A letter to the Secret Soccer Analyst

A training session

Dear Secret Soccer Analyst

I have four apologies to make to you.

First, I am sorry I missed your post when you first published it. Fortunately, Richard Whittall, Rob Carroll and Darrell Cobner alerted me to your story.

When I last looked Richard’s tweet had received 918 likes and 255 retweets. Martin Bucheit’s tweet about your post has 19 likes.

Your open sharing has touched many people. I am late to the party but am touched too. Profoundly so.

A picture of a videographer at a training session.

 I have been involved in the analysis of performance since the late 1970s.

In the 1990s, I worked as a performance analyst in rugby union. For most of the decade, I had intense work periods that during competition and overseas tours extended to 18 hour days … week after week.

It was an analogue video world. I was fortunate to have access to host broadcast videos and captured my own game video with the help of colleagues. We thought we had hit the jackpot with S-VHS format.

I have a second apology to make.

When I started the Centre for Notational Analysis in Cardiff in 1991, I hoped to create a career path for young people interested in performance analysis. We were at the start of a movement that has positioned you to feel the way you do.

I am staggered by the creativity of people like yourself. The world you occupy is a quantum shift from the occupational culture of the 1990s.

We do share the same vision though … to provide an invisible service to coaches that records, analyses and potentially transforms performance.

Filming training

My third apology is that despite my advocacy for performance analysis as a service, I have had limited success in persuading clubs and sporting organisations that our work should be valued rather than priced.

Young people are still inducted into performance analysis as unpaid interns or lowly paid analysts. We are encouraged to believe that the status of being connected with a club or team ‘compensates’ for zero or low wages.

Some learning organisations are pro-actice and make every effort to support their analysts financially and through continuing learning opportunities.

Our dilemma is that we have so many people wanting to be analysts and often have the experiences you have.

My fourth apology is to lament that I have not been able to gain acceptance for two fundamental questions:

What is so important we have to share it?

Can less be more?

At the heart of this conversation is a profound debate about frequent augmented information. The availability of hardware and software has led to a surfeit of options for each analyst.

It has created an insatiability that we as a profession must address. We either need more people or automation to help us or we use the two questions above and add two more:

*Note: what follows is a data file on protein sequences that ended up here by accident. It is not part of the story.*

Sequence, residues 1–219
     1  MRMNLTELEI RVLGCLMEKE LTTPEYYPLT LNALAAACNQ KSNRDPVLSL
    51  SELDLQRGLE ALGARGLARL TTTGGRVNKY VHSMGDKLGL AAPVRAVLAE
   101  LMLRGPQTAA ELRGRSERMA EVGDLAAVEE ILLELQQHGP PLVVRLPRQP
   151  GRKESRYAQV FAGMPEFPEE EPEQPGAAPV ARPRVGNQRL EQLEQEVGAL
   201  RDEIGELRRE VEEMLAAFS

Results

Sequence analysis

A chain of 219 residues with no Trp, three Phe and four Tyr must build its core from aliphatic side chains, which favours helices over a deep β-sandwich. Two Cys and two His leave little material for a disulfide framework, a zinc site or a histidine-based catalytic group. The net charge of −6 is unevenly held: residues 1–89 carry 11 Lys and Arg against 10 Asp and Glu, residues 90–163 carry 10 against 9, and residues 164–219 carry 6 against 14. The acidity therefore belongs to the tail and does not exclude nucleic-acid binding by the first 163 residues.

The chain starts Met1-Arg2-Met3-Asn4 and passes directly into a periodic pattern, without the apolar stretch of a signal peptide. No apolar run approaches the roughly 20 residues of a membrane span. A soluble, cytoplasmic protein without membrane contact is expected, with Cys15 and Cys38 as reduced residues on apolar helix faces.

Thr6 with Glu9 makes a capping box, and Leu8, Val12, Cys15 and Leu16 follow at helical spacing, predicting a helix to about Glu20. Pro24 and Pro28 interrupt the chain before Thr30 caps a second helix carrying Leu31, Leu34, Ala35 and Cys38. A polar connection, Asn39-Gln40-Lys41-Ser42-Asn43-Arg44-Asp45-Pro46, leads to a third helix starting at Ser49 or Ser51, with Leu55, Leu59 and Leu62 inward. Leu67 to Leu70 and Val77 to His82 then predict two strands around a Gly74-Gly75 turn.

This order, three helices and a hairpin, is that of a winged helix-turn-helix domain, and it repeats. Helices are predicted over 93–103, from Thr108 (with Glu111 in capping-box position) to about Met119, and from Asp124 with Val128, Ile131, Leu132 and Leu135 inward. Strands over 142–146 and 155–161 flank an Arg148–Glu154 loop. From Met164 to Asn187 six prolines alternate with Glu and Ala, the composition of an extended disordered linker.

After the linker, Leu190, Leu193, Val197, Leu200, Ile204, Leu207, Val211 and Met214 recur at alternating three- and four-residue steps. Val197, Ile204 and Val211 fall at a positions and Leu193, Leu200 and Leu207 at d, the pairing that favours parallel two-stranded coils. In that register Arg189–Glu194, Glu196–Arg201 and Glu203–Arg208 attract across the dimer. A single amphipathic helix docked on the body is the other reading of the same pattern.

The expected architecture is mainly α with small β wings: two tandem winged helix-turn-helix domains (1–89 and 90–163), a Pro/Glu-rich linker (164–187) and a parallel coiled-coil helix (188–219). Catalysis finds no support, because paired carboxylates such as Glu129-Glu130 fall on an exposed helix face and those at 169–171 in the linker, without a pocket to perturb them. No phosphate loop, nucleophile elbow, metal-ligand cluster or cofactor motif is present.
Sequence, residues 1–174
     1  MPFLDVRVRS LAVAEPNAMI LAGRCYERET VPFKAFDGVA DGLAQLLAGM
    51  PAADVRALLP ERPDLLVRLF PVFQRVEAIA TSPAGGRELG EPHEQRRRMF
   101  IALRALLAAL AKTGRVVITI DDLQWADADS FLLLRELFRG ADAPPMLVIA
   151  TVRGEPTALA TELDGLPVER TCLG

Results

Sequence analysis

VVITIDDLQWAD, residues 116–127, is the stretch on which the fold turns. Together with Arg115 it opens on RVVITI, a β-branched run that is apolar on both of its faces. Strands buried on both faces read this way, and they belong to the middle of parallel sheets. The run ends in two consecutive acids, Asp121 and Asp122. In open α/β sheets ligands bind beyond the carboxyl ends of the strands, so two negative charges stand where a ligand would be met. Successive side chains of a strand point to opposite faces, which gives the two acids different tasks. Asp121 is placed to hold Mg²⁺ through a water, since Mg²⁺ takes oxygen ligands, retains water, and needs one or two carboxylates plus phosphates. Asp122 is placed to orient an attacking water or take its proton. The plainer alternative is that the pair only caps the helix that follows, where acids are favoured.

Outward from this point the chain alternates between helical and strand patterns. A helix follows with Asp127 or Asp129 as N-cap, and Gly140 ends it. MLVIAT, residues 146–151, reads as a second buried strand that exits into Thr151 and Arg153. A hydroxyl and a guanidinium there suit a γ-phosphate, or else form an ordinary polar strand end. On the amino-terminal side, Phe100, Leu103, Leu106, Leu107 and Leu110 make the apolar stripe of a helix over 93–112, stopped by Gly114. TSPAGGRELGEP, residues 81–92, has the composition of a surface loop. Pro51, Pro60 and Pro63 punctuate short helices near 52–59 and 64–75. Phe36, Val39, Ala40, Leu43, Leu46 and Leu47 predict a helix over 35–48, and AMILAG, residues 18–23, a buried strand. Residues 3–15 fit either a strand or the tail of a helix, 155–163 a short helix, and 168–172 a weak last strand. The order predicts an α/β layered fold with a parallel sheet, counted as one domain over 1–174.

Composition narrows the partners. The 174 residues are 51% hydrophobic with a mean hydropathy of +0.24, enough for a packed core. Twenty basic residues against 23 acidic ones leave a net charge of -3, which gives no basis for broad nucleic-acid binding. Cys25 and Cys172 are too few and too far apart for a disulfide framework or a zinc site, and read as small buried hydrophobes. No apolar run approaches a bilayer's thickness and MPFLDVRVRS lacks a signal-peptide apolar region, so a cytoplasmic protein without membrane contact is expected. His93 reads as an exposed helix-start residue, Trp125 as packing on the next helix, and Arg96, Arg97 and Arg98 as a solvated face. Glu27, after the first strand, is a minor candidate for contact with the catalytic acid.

What has changed in performance in training and competition?

How might feedforward transform our practice?

Much of my time now is spent in exhorting our community of practice to share experiences openly. Your post is a very important marker in our conversation about practice and reminded me of that quote in Shadowlands

We read to know we are not alone.

Now that you have shared your thoughts, I hope you realise that you have a world of friends who are just a phone call or email away.

I hope too you will accept my apologies.


Photo Credits

Training day in 38C heat (Keith Lyons, CC BY 4.0)

Coming to Terms with Sport Analytics



Earlier this month, I read Richard Whittall’s discussion of Sports Analytics as a mass movement with no name. Shortly afterwards, I found Seth Partnow’s Moreyball, Goodhart’s Law and the limits of analytics. I have just finished reading another Richard Whittall post, Why Football Analysts Should Think Like Bettors.

A chance encounter in a Bowral coffee shop with an old (second) edition of Richard Lipsey’s An Introduction to Positive Economics brought my three analytics reads into focus.

A movement with no name?

I like meta posts and thought Richard’s discussion of the analytics environment as a movement with no name was fascinating.

He starts with this observation:

Sports analytics as a discipline has branded itself all wrong, and it may be too late to turn things around.

and follows up with:

I believe sports analytics is one small component of an expansive movement in the early 21st century, one I think eludes us because we’ve yet to give it a name.

This movement, Richard argues, is giving us “greater awareness that what we once considered to be ‘rational’ behavior and judgment is itself often hopelessly biased or distorted”.

This leads Richard to propose:

The problem in sports, I think, is that we’ve confused the tools we use to understand what we think we know but don’t with the reason we use them. (Original emphasis)

His post concludes with three challenges facing soccer analytics:

  1. Some clubs won’t accept what analysts are selling no matter how it is packaged or explained.
  2. What if our predictive models are dangerously flawed in ways we haven’t fully understood?
  3. How to position analytics in a much wider epistemological domain? (“It’s not just about math; it’s also about cognitive biases, about inefficiency, about hubris, self-doubt, about empiricism vs emotion.’)

Richard encourages us to expand our story to include other stakeholders:

If we can ever get past the numbers cliche, then maybe we’ll just see what’s going on in football for what it is, and truly help those teams who want to succeed in the long term.


I aspire to a polymath interest in the observation and analysis of performance in sport. My first degree was in social sciences (at the University of York). Part of that degree included a foundation year in Economics and Economic History.

Despite this polymath interest I am finding it difficult to keep up with some of the remarkable writing available. A Seth Partnow post reminded me about the gap between my aspirations and performance. He invoked Goodhart’s Law in his discussion of analytics.

Charles Goodhart, an economist, presented two papers in 1975 that form the basis of what subsequently has been called Goodhart’s Law, namely “any observed statistical regularity will tend to collapse once pressure is placed upon it for control purposes” (Chrystal and Mizen, 2001).